Beautiful Boy is a film based on the memoirs “Beautiful Boy” by David Sheff and “Tweak” by his son, Nic Sheff, following the harrowing experience of meth addiction and recovery through a father, son and family’s eyes through the years.
This 2018 film is unique in its perspective of not only following a young person through his journey of drug addiction, but in also following the perspective of his parents and family — and particularly his father — through it, as well. Families are in the best position to help a loved one struggling with substance use, though it’s often difficult to see how.
Download the Discussion Guide
We assembled a discussion guide to accompany the film, in the hopes that it will spark conversation about substance use, how the characters in the movie handle it, and what you might do in your own family. After viewing the film, use the questions and the resources to guide a discussion in your own family.
“People told me to ‘let go’ of my son, because they claimed he must ‘hit bottom’. But I could never let go. Now I know that we don’t want any person who’s ill with a disease to hit bottom. We want to get them help right away.”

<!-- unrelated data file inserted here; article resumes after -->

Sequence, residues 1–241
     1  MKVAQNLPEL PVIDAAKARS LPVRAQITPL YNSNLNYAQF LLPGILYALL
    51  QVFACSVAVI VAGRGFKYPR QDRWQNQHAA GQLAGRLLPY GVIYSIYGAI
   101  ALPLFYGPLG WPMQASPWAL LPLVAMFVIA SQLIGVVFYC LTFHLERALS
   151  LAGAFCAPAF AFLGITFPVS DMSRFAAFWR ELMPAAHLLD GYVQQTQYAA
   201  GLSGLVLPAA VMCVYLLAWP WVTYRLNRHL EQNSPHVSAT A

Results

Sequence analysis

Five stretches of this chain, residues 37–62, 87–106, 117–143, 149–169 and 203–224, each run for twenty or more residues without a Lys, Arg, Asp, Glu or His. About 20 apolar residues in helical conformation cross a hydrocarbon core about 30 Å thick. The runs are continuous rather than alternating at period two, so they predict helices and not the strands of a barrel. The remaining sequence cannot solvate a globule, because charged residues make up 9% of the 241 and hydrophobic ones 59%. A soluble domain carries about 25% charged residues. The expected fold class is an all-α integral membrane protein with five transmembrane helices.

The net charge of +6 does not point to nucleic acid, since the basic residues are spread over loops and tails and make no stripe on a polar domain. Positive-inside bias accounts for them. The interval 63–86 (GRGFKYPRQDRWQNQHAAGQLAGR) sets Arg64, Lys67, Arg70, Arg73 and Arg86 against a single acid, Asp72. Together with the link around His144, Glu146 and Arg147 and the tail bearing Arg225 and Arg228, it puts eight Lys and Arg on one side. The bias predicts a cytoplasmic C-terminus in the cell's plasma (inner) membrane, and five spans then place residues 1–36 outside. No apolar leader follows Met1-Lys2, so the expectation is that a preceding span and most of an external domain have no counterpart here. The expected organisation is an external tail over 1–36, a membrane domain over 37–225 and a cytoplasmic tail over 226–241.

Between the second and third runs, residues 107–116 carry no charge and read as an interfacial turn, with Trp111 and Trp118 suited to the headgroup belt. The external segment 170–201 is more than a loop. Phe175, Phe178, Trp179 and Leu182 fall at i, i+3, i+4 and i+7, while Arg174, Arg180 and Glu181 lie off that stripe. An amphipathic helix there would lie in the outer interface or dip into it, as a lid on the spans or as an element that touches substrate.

About David and Nic Sheff
Both David and Nic have contributed over the years to Partnership resources for parents and families. Learn about their work, and some of their perspective and advice below.
David is a journalist and author of The New York Times best-selling books “Clean: Overcoming Addiction and Ending America’s Greatest Tragedy” and the memoir “Beautiful Boy: A Father’s Journey Through His Son’s Addiction.” He’s also written for The New York Times, Rolling Stone, Playboy, Wired, Fortune, and National Public Radio (NPR)’s All Things Considered. Scott Simon of NPR said that “Beautiful Boy” made Sheff “one of the country’s most prominent voices on addiction — not as a doctor, an addict or an academic expert, but as a father.”
Nic Sheff is the author of two memoirs about his struggles with addiction: The New York Times bestselling “Tweak: Growing Up on Methamphetamines” and “We All Fall Down: Living with Addiction.” Nic lives in Los Angeles, California where he writes for film and television.